Luis Walter Alvarez
Luis Walter Alvarez, an American physicist and inventor, was the Nobel Prize in Physics in Physics in 1968. He was the second and oldest child of Walter C. Alvarez (a doctor) and Harriet nee Smyth, and was born in San Francisco, California, on June 13, 1911.
Luis F. Alvarez was Alvarez’s grandfather and a doctor who lived in Spain, Cuba, then the United States. His father was a Mayo Clinic researcher in 1926. The family then moved to Rochester, Minnesota where Alvarez attended Rochester High School. Alvarez received his bachelor’s from the University of Chicago, in 1932. He also earned his master’s in 1934. His PhD was in 1936.
Alvarez was involved in many radar projects during World War II. These included Identification Friend or foe (IFF) radar beacons, and a system that prevented enemy submarines discovering they were detected by airborne radars. Ground Controlled Approach (GCA) is the radar system that Alvarez is most famous for and was instrumental in the Berlin airlift.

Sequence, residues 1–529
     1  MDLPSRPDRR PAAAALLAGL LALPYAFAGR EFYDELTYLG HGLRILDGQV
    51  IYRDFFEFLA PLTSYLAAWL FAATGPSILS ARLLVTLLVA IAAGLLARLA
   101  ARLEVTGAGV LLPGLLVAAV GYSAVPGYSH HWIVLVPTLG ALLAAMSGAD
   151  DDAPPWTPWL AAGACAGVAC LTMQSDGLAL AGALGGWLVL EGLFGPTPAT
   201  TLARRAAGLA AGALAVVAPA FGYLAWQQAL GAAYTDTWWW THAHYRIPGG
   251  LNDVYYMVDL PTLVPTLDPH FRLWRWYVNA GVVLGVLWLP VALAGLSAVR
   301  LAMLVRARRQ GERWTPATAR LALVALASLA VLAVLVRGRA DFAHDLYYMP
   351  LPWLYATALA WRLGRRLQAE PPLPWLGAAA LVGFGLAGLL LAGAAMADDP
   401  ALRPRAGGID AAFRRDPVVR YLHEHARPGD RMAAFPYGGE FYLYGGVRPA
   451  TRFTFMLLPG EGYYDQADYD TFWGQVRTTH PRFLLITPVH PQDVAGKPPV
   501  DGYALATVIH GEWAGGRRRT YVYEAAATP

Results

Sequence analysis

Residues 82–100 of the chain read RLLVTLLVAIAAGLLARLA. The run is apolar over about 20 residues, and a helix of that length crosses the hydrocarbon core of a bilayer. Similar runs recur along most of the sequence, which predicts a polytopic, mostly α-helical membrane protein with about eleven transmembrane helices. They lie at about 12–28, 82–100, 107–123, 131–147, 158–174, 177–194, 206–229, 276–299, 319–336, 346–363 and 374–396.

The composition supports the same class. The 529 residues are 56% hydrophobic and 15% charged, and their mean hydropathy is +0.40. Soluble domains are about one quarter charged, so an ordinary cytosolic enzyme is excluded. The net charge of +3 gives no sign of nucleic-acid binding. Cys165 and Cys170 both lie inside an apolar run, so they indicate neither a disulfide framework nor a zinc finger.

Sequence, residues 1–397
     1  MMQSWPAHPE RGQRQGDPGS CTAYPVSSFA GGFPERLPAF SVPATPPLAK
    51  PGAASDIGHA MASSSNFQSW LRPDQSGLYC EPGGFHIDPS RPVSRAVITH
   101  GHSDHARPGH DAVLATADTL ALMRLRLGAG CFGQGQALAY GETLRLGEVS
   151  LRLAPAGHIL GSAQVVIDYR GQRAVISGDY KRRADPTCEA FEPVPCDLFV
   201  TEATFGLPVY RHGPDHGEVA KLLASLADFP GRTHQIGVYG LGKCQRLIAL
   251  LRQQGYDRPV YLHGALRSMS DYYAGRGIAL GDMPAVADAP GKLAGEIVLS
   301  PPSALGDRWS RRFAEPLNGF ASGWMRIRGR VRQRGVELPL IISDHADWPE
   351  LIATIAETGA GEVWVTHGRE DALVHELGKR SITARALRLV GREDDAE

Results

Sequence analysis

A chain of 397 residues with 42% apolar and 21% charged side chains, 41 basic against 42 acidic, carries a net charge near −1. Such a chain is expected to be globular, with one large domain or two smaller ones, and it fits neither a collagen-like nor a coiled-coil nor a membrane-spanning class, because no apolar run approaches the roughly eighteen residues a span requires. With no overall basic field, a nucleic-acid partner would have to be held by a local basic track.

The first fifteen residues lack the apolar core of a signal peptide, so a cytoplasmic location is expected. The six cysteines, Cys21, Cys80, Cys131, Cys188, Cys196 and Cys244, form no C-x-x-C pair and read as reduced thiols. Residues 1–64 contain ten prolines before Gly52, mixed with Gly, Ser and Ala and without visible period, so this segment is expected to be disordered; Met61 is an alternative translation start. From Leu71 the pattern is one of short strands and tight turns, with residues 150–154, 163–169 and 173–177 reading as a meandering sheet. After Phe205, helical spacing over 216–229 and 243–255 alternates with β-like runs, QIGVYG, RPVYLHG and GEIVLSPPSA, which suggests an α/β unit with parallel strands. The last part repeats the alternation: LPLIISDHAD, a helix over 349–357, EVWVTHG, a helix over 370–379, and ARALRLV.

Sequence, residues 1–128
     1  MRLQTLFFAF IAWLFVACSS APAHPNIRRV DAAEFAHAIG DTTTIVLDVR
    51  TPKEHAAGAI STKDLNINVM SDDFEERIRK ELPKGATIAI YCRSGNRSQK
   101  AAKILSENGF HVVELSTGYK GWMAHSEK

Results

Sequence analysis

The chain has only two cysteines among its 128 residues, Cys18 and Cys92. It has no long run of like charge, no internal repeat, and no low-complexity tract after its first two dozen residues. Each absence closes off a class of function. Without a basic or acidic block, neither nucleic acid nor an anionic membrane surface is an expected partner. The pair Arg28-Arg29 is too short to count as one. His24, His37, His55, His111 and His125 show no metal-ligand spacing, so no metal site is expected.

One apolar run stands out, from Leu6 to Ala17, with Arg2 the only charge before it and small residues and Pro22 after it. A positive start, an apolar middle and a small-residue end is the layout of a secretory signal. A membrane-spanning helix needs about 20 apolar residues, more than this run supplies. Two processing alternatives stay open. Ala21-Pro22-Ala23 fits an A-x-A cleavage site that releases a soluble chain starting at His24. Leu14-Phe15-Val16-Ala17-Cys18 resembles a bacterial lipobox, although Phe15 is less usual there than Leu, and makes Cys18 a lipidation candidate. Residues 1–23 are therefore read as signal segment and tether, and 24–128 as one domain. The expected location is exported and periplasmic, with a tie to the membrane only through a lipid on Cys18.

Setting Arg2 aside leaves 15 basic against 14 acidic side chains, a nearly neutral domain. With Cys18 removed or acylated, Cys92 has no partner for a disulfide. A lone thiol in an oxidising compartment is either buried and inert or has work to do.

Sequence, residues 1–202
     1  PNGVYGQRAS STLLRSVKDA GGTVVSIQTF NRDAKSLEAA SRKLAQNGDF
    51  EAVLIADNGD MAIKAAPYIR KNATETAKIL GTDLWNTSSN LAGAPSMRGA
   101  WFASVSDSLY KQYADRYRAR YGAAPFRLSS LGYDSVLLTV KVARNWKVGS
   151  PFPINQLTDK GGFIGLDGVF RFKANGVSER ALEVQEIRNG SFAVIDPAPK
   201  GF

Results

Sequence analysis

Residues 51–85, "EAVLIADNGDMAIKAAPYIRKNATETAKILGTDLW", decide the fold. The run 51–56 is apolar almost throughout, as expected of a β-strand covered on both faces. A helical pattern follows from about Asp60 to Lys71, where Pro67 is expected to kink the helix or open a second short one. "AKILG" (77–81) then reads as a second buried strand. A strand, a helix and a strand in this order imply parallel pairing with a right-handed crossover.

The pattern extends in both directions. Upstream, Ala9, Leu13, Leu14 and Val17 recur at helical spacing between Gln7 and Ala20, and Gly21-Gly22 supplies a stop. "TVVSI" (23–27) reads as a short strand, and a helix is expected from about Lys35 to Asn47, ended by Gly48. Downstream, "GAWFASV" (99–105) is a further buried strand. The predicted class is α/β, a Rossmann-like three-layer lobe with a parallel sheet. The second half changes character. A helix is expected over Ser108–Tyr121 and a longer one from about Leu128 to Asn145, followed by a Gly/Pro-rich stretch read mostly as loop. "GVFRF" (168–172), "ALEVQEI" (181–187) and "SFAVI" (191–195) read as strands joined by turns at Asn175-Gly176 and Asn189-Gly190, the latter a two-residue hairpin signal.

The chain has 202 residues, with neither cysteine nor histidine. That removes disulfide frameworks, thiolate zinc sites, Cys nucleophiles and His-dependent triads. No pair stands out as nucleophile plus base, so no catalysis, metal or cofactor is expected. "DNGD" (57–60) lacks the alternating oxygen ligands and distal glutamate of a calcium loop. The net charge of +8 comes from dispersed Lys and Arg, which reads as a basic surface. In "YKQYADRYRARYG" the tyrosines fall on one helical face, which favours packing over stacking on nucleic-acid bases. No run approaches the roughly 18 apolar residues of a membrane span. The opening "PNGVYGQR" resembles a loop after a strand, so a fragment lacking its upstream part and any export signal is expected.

Robert Oppenheimer offered Alvarez a job at Los Alamos to help with the Manhattan Project in the fall 1943. Alvarez created a device that could have been sent from an aircraft to measure the strength and energy of an atomic blast during his time on the project. Alvarez used this device to measure the blast effect of Hiroshima’s Little Boy bomb.
Alvarez was awarded the Nobel Prize in Physics in 1968 for his contributions to elementary particle Physics, including the discovery of many resonant states through the use of hydrogen bubble chambers. He also won data analysis and the technique of using them.
Alvarez’s son Walter Alvarez and nuclear chemists Frank Asaro, Helen Michel and Helen Michel published a paper in 1980 proposing that there was an extraterrestrial reason for the Cretaceous – Paleogene extinction. This paper was based on geologic research done in Central Italy. The theory was supported by evidence that a large impact crater had been found off Mexico’s coast ten years later.
Unfortunately, he passed away in 1988 from complications caused by cancer.